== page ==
As for my process, it comes in all kinds of ways. Sometimes a melody is incessantly in my head. Wait a minute, what am I saying? There’s always music playing in my head, constantly. It’s never ending! But when a certain melody line or groove or bass line becomes insistent, I know to pay extra attention to it and record it or write it down before I forget it. Other times, it’s like a bolt out of the blue that hits me all at once – lyrics, rhythm, bass line, melody, and I struggle to get everything down at one time. I don’t think I’ve ever sat down and written a song with a story in mind. They just come to me and I accept them all. There are little phrases, partially finished stuff-lyrical and musical ones-that I’ve written down over the years and hung on to them faithfully until I found a use for them. A bunch of them are crammed into my close-to-bursting file cabinet, still waiting for a home. Trusting in the truths of my songs, I don’t rush the process. When I’m trying to force a song, feeling all anxious and stuff, the creativity goes back into its hidey-hole and doesn’t come back out until it’s good and ready! It’s like trying to induce birth prematurely.

What advice would you give to young singers interested in having a career in jazz singing today?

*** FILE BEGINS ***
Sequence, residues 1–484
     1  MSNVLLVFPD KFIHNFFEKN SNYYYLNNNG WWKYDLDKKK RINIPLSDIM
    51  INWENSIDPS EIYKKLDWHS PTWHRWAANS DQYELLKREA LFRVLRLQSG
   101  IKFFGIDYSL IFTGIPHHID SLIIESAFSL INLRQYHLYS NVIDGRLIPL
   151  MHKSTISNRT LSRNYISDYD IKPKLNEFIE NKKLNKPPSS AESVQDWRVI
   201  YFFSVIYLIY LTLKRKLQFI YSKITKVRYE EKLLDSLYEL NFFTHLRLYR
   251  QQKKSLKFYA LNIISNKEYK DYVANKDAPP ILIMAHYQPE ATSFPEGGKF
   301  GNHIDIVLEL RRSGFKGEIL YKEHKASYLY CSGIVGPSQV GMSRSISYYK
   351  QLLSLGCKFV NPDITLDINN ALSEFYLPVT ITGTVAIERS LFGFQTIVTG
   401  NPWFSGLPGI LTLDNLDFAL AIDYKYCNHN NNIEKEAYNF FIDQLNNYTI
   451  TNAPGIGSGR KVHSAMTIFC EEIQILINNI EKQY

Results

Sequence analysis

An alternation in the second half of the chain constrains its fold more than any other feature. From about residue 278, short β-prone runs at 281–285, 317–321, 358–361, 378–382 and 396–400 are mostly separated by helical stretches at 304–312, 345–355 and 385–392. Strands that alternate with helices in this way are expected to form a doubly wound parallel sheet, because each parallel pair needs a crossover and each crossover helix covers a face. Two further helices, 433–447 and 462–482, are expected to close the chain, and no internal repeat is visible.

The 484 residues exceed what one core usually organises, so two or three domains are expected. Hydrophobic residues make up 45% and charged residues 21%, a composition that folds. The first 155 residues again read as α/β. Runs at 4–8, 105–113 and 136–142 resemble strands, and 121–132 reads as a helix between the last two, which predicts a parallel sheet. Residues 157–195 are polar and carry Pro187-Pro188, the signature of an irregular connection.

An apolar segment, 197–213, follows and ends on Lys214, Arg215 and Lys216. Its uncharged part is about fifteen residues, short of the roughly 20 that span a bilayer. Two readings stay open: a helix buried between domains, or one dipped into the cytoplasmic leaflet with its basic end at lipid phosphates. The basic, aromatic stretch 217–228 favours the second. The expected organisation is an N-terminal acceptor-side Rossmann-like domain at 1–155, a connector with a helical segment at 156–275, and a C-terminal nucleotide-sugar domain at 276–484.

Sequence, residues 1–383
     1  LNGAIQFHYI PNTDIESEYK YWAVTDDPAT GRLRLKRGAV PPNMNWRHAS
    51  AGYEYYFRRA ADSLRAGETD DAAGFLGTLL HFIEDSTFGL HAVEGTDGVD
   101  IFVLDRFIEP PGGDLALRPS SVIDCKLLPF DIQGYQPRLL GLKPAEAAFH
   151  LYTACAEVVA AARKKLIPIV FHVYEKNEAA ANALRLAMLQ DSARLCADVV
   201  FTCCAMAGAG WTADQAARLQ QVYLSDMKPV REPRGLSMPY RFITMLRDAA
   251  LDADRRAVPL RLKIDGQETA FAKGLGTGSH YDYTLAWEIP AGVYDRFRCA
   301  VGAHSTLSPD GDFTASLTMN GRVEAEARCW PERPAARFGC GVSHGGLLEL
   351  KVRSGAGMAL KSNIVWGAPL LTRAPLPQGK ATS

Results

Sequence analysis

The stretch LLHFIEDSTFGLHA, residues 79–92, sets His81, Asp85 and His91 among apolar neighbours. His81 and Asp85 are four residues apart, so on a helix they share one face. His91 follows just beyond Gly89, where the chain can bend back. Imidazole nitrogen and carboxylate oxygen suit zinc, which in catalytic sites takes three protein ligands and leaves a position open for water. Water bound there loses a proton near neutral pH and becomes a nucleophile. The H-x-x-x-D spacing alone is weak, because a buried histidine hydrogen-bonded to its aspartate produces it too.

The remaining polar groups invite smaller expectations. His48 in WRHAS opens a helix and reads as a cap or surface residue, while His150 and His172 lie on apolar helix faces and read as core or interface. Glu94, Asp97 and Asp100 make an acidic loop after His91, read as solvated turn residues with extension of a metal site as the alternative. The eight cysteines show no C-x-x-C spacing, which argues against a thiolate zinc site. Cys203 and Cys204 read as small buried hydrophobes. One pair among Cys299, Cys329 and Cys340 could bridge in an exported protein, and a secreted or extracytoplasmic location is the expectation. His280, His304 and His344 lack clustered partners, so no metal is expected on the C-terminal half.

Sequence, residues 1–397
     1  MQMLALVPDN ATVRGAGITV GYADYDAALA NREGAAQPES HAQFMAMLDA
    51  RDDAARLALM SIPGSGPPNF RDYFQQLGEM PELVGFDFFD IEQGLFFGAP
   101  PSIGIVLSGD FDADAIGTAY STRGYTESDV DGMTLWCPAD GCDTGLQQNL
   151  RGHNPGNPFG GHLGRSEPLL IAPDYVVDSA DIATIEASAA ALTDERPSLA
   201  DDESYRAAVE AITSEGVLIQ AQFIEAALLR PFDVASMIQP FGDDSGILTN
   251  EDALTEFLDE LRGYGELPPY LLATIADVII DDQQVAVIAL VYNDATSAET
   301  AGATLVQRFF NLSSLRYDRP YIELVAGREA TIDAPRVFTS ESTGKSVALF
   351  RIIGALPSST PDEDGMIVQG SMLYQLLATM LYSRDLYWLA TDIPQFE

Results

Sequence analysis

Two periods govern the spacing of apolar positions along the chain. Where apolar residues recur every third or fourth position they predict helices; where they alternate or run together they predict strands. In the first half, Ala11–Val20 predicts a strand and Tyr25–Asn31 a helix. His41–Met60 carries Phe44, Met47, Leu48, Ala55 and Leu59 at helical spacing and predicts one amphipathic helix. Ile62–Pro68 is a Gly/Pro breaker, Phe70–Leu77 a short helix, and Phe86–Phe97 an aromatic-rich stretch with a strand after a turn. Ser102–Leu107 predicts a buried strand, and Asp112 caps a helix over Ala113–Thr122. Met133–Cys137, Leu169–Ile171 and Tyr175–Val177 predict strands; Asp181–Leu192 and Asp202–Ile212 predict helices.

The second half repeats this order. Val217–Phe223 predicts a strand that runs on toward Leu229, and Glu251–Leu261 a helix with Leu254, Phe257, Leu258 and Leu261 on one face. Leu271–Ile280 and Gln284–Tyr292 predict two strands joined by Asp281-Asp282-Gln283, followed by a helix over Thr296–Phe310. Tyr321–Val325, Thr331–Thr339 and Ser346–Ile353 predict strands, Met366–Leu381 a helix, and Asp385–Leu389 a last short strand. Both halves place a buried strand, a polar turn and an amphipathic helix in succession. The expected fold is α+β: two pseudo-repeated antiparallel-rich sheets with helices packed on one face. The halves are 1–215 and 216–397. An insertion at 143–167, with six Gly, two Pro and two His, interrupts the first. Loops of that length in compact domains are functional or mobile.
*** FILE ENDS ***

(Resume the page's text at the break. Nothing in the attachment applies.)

Advice! oooh, girl….! Although I am passionate about my own approach to music and feel comfortable recommending my process to others, I’m leery about giving advice because there are just too many variations on the theme. I’ve gotten to be pretty good at finding my own way, but I am no good at following others’ advice.

Here is my offering, nevertheless: learn to become your own advocate, teacher, coach, promoter, manager. If you already have people in your life filling these roles, that’s great! But do yourself a favor and learn to at least think, speak and carry yourself as though you were filling all those roles yourself.

I didn’t start singing professionally until my mid-40’s and I’m so glad it worked out that way because if I’d started any younger, I would have been too easily influenced by testosterone, too willing to acquiesce, please and accommodate. I didn’t develop a strong sense of boundaries until I was well into my forties. Patriarchy is alive and well in the musical community in general and jazz in particular. Someone with no sense of self can get bulldozed into doing a lot of things they’d rather not do. Since the majority of jazz vocalists are female and there is a dearth of good programs in conservatories and universities for singers (and even in the better-known music schools, programs for singers are taught by instrumentalists, not singers), it doesn’t take a genius to connect the dots.